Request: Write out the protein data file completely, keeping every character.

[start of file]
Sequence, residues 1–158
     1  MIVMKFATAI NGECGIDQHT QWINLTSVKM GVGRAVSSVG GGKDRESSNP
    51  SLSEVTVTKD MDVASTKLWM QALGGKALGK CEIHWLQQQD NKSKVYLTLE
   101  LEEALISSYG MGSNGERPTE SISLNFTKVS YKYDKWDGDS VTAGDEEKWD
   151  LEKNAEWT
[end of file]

Sequence, residues 1–158
     1  MIVMKFATAI NGECGIDQHT QWINLTSVKM GVGRAVSSVG GGKDRESSNP
    51  SLSEVTVTKD MDVASTKLWM QALGGKALGK CEIHWLQQQD NKSKVYLTLE
   101  LEEALISSYG MGSNGERPTE SISLNFTKVS YKYDKWDGDS VTAGDEEKWD
   151  LEKNAEWT